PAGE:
But there’s no investigation underway and no one is calling for an indictment of LePage for issuing a “threat.” Because it isn’t one. It’s simply hyperbolic speech uttered without intent or desire to actually follow through with such an act. It’s what people do when expressing displeasure with someone or something. It happens all the time. Except when it happens in a comment section and the subject is a federal judge, it suddenly becomes a threat worthy of investigation and obfuscation by the US Attorney’s Office.

When it’s a politician “targeting” a little person, no one cares, even with the recent Charlie Hebdo shooting as a backdrop — a justification for cartoonist George Danby to take this “threat” very personally indeed. But Danby doesn’t think LePage truly wants him dead and recognizes it for what it is. The “little people” who aren’t afforded the full power of their government are much more rational than those with it at their disposal.

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Comments on “Governor Tells High School Students He'd Like To Shoot A Student's Dad; Arrest/Investigation Fail To Ensue”

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39 Comments
Anonymous Coward says:

Re: Re: Well it makes sense

I assume it was a snide reference to the “Bong hits for Jesus” joke sign off hours resulting in a suspension. Because drugs. (Literally said that preventing unacceptable speech as “promoting drug use” was legitimate school duty.) Or to the disregard for the fourth amendment in allowing any time school drug searches without a warrant even in student vehicles.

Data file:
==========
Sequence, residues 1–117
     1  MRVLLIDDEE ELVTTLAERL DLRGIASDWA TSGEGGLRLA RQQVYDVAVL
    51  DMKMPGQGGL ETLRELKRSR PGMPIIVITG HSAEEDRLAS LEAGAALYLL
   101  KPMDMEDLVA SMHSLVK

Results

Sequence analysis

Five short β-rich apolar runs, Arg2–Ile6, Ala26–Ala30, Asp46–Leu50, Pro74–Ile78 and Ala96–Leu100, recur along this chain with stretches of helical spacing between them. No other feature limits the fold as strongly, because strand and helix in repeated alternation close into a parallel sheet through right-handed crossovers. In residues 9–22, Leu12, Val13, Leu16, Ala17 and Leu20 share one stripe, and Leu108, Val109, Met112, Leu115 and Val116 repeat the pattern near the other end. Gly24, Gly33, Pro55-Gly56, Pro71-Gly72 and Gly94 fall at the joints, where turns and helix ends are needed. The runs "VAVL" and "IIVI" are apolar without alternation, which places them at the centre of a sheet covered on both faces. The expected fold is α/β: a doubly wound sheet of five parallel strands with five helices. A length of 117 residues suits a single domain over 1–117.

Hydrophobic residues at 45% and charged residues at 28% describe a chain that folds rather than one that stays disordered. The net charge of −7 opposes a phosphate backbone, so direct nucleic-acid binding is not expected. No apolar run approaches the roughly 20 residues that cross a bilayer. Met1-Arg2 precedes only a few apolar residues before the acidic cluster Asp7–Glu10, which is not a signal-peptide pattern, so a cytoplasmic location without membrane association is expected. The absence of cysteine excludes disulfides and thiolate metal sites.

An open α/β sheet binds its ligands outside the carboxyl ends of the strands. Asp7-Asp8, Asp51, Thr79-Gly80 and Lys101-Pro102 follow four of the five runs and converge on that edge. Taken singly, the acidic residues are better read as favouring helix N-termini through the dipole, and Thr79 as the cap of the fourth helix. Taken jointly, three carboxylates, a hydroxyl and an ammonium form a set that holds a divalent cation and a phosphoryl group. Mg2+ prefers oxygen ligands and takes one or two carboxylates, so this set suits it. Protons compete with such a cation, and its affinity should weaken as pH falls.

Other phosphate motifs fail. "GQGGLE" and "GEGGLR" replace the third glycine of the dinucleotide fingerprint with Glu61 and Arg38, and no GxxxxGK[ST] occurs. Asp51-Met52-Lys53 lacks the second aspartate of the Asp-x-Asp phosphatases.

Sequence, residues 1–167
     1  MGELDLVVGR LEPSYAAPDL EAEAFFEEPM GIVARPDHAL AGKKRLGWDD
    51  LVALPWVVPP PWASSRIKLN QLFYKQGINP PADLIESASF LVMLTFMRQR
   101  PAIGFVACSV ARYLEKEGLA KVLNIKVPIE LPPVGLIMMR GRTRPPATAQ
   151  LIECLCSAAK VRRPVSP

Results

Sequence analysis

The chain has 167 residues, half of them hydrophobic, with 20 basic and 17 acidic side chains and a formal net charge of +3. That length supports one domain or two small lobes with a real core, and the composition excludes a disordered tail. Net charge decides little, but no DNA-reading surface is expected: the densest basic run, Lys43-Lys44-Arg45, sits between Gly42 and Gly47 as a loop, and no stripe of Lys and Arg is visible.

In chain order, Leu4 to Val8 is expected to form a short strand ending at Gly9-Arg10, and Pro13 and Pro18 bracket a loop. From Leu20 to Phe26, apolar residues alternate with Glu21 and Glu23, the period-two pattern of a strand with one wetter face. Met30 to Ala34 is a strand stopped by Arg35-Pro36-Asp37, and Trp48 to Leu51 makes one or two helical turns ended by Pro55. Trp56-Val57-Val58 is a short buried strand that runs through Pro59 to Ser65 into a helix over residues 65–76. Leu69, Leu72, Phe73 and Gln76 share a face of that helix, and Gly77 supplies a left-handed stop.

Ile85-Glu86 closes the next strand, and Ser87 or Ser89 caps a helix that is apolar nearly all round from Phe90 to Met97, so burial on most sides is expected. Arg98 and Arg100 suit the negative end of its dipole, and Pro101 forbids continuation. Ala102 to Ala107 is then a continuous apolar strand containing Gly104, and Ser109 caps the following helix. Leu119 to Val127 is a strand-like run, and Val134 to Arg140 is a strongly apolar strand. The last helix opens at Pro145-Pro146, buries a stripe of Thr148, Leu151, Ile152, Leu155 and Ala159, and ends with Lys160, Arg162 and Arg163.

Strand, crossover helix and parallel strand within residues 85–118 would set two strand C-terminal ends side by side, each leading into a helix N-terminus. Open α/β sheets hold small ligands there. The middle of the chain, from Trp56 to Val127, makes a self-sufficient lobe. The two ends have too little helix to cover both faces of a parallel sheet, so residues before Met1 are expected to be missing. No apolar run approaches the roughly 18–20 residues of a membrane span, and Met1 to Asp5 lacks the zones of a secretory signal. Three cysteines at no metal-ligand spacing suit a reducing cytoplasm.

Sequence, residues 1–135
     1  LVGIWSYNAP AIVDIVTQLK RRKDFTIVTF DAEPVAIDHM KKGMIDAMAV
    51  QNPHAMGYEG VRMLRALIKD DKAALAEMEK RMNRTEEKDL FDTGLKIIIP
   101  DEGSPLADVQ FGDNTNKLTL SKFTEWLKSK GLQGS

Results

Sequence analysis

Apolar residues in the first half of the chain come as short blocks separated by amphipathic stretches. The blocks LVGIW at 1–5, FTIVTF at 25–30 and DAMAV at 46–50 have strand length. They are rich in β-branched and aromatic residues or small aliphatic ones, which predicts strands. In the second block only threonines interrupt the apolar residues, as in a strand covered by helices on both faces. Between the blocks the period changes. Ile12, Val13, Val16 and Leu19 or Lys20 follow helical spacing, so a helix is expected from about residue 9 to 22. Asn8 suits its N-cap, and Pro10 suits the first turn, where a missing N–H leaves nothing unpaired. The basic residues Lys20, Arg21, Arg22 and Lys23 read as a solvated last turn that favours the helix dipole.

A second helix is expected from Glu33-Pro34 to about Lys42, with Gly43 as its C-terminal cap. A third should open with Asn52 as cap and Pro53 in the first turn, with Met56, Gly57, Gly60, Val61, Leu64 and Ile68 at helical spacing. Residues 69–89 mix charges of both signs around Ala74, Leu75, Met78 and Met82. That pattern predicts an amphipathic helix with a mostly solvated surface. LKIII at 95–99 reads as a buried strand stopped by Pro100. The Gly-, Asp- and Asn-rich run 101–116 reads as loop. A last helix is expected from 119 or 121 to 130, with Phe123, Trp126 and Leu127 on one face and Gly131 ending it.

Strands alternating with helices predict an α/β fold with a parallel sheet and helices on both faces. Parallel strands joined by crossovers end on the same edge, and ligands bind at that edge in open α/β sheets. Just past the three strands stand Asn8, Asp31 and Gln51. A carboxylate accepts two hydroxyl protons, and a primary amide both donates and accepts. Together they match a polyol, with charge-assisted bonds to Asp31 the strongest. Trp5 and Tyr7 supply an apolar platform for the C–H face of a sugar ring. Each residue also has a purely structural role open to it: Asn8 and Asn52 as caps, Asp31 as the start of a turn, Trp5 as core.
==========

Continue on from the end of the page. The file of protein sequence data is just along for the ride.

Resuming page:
Seems drugs are behind every stupid Supreme Court decision involving schools. No wonder why legalization support is highest among the youth.

So Where Were You? says:

Hypocrisy as usual here at Techdirt.

This non-joke comment passed without least word from admins:

Gee, blue is just a glutton for punishment isn’t he? I wish I could be like Atticus Finch in “To Kill a Mockingbird” and be told there’s a mad dog in the street, whereupon he calmly takes out a shotgun and squeezes the trigger.

http://www.techdirt.com/articles/20130415/17080722714/eff-isohunt-bad-facts-make-bad-law.shtml#c165

No pirate will defend non-pirates. Iron Law of human nature.

Lex Noctem (profile) says:

Wrong stage

The comments are being treated as serious threats by the US government, seeing as they were posted below an article about a federal judge.

You might be confusing the “investigative stage” with the “charging stage” of criminal prosecutions. How do you know if a possible threat is a true threat unless you investigate?

That One Guy (profile) says:

Re: Wrong stage

Context.

If every threat is treated as true, regardless of context, then the governor should have been investigated as well. That he wasn’t either means that a) he’s above the law and is allowed to issue (assumed to be valid without investigation) death-threats without repercussions, and/or b) the context in which the statement was made made it clear that it wasn’t a true threat.

Anonymous Coward says:

Re: Re: Wrong stage

[H]e’s above the law and is allowed…

Yes, and the dividing line and, just so that one does not get the impression, that a governor can run amok in this country and get away with it, we have to have in mind that a governor has to come up before the electorate.

It’s quite obvious that there are certain inherently government activities, which, if undertaken by the sovereign in protection of the interests of state security are lawful.

Anonymous Coward says:

Re: Re: The real problem that we're all seeing is...